Brutus also enjoys opportunities to pay his experiences forward. He mentors SULI students and serves on the Diversity, Equity, and Inclusion Council for the Nuclear and Particle Physics Directorate (NPP) at Brookhaven Lab, where he helps develop initiatives to improve the culture of NPP.
Brutus alongside members of the first Early Career Resource Group (ECRG) leadership team at Brookhaven Lab (left to right): Megan Quarant, Danielle Pontieri, Erica Lamar, Charles Baldassarre, Kayla Hernandez, Alyssa Petrone, and Cliff Brutus.
In 2016, Brutus earned his Project Management Professional (PMP) certification. And, in 2018, he achieved his life-long goal of becoming a licensed New York State Professional Engineer (PE).
He was featured on the cover of Minority Engineer in 2019 and is a two-time recipient of the Brookhaven Lab Spotlight Award.
In 2021, Brutus was honored as one of Stony Brook University’s 40 Under Forty Award—a recognition of alumni who have distinguished themselves as leaders in their communities.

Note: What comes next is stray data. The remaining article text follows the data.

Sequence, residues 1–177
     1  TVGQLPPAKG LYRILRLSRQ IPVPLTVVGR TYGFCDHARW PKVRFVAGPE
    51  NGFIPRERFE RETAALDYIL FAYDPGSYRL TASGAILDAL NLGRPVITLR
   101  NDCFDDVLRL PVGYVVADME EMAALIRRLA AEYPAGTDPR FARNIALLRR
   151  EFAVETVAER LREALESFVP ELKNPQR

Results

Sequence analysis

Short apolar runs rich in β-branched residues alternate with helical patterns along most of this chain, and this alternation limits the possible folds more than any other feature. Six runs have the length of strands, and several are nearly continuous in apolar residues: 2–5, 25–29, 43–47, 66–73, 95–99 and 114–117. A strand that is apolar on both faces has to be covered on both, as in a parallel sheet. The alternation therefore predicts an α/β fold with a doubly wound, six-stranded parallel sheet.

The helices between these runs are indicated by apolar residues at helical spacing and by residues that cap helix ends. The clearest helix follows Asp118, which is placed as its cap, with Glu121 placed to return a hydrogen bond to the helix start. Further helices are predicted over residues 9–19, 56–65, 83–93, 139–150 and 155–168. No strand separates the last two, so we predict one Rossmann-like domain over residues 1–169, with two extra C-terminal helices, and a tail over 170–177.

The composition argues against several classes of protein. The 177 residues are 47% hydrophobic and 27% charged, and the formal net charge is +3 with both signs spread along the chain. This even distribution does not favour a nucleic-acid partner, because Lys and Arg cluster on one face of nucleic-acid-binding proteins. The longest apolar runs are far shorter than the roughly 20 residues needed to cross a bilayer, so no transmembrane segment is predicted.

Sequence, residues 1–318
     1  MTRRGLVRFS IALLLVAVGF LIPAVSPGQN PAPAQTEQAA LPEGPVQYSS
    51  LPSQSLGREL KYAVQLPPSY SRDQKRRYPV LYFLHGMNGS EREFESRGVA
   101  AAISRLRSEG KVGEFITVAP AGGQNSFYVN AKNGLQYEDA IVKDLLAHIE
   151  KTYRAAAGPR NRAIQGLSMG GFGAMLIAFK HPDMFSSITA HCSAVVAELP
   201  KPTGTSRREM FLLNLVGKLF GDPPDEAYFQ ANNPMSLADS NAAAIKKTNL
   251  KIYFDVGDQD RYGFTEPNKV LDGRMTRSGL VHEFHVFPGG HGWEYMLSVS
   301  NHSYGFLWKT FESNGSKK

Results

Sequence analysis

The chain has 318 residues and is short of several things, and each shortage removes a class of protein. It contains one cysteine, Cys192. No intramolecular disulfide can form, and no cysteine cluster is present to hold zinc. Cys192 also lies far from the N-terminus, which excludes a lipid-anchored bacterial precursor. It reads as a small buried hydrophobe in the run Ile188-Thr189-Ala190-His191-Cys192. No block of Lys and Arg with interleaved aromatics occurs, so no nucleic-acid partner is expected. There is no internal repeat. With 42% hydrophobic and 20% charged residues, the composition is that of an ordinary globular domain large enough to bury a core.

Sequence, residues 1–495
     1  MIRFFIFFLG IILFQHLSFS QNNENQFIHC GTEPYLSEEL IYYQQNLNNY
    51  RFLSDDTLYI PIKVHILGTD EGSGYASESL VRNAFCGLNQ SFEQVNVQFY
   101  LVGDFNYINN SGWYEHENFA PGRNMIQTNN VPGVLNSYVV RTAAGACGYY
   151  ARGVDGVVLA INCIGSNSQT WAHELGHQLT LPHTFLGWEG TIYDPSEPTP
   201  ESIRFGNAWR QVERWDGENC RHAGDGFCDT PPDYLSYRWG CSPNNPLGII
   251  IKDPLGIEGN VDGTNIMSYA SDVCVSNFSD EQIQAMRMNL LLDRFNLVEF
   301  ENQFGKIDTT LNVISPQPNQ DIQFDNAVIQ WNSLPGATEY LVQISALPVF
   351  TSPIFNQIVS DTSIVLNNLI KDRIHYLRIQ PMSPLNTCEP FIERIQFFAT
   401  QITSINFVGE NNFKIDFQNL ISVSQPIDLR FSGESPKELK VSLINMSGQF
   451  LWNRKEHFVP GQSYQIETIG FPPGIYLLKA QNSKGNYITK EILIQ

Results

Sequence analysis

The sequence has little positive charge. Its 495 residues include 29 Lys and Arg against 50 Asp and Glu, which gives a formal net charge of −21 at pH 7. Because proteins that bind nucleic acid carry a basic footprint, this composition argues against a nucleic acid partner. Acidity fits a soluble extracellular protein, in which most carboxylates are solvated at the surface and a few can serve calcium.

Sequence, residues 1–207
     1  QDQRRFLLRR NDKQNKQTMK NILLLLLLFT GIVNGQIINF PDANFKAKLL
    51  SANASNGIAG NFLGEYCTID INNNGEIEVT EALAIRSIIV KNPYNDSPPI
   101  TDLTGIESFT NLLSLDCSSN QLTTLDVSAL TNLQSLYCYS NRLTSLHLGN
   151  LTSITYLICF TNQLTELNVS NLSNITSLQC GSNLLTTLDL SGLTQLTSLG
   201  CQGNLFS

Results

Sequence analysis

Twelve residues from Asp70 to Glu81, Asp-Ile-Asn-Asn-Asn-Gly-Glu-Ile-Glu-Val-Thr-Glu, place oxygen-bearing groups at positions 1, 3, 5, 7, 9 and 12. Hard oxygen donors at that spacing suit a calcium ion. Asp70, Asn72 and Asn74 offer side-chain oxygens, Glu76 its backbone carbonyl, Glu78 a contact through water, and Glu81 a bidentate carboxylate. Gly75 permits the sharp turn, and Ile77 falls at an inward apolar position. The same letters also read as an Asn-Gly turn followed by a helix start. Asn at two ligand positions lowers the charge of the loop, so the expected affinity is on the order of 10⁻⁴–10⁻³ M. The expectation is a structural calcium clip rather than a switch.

Brutus (left) alongside George Mahler at a SULI recruitment event at Stony Brook University's Engineering Job Fair in 2016.
“It is a great honor to represent SBU, Brookhaven Science Associates, and my family,” said Brutus. “This is a reflection of my passion to support science and discovery, to help others and the values I believe in.”
Appreciative of the opportunities given to him as a student and as an engineer, he offers this to those just starting out:
“I advise them to always better themselves—as a person, as a leader, and as a collaborator,” he said. “Always challenge your yourself and be willing to learn from your mistakes as well as from others of different backgrounds and cultures in order to grow professionally.”
The SULI program and projects at RHIC and the EIC are funded by the DOE Office of Science (WDTS, NP).
Brookhaven National Laboratory is supported by the Office of Science of the U.S. Department of Energy. The Office of Science is the single largest supporter of basic research in the physical sciences in the United States and is working to address some of the most pressing challenges of our time. For more information, visit science.energy.gov.